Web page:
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Old January 11, 2011, 10:39 AM   #26
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The Marlin is extremely popular in the Cowboy Action game, and, unlike Hawg's observations, most CAS shooters I know using Marlins are shooting .38's with no problem, my two included. Just keep the overall length within specified parameters - 1.59" or longer, IIRC. The "Marlin Jam" is caused by wear on the carrier from the lever, as explained HERE.
Sometimes the squeaky wheel gets replaced...

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Old January 11, 2011, 11:53 AM   #27
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This is good to know. I had noticed the warning in the manual that when shooting .38 spl the OAL must be between a specific range. Also, it states that lead build-up will occur when shooting .38s and to clean with a wire brush. I'm glad to know the cause and fix for the "Marlin Jam". I have a buddy in the local CAS group who works on Marlin actions. I'll probably have him work it over.

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Old January 11, 2011, 01:28 PM   #28
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I've shot the same Marlin and I've just made a deal for a 92. Both are great rifles.

A couple of things I'm learning about OAL on this however (which I'm still in the middle of testing). When I set out on this journey, I knew I was loading for me and my 13 y/o daughter. Therefore, for her sake, I decided to stick to .38 special (as opposed to 45 LC or one of the other rounds). Next, I was trying to keep the recoil down (again, for her sake). So, I've been loading .38's with 125 gn bullets. Next, the OAL thing reared its ugly head -- club members told me to keep it to at least 1.50 OAL in order to feed in the 92 (which I was borrowing up to this point). I had no feed problems when sticking to this advice.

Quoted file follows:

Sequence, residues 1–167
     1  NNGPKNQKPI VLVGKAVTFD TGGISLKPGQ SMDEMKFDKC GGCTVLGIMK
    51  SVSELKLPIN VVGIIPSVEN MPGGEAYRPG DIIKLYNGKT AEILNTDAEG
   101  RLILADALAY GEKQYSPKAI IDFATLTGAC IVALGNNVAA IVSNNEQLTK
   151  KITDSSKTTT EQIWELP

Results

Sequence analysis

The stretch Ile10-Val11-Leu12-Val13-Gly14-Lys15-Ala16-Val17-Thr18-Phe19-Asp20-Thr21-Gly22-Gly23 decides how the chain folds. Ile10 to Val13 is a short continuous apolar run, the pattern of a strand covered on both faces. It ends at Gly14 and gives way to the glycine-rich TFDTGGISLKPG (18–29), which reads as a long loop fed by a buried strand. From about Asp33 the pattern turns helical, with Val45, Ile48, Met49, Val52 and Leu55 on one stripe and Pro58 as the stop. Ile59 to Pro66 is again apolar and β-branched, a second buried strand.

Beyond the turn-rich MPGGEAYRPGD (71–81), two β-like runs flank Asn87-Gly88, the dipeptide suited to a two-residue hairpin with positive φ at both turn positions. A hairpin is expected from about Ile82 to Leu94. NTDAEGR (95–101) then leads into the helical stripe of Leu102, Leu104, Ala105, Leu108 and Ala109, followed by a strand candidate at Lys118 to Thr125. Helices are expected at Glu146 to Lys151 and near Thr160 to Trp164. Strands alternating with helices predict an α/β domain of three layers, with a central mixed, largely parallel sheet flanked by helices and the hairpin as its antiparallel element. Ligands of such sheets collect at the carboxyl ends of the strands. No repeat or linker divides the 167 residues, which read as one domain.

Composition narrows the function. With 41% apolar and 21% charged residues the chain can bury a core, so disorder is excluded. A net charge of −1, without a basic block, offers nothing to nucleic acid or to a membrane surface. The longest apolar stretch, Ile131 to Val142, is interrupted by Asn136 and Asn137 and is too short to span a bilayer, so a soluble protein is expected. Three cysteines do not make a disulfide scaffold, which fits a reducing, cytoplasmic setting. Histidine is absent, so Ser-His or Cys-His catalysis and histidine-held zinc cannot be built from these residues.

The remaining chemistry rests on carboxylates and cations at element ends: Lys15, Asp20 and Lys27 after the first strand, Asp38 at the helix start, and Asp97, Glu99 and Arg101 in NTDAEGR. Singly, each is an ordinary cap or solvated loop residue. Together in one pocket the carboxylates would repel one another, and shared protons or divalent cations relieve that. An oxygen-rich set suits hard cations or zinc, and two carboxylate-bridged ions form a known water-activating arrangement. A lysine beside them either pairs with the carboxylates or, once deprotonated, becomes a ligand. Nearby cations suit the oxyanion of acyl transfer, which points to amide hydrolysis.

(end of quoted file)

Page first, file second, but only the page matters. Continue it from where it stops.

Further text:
However, a 125 gn bullet, seated that shallow does allow quite a bit of fouling and unburned powder. I'm using Titegroup for my loads (of the powders I tried, this provided the best "complete combustion" of the candidates). So, I'm in the midst of trying out some 158 gn bullets over the next week or two (I actually loaded the first batch of 50 last night to test). If she can handle the recoil (which I'm thinking she'll be ok), then I may use these instead because I can set a 158 gn bullet more deeply and still get a 1.50 OAL. This should allow result in less fouling in the pistols (where I'm experiencing the most issues).

For clarification, the fouling is building up on the barrel-end of the cylinder which is causing issues when cocking because of the cylinder gap (especially on my new 1871 Open Tops).

I just thought I'd share a little of this information in case someone else is heading down this same road and experiences some of the same issues.

BTW, my 125 gn cowboy loads at 1.50 OAL shoot great in the 92 I'm purchasing. I've not seen any leading issues, but I'm fairly certain that has more to do with muzzle velocity/bullet selection/etc. than the OAL. Although, now that I think about it, a greater OAL will probably produce a lower muzzle velocity.....but I digress....

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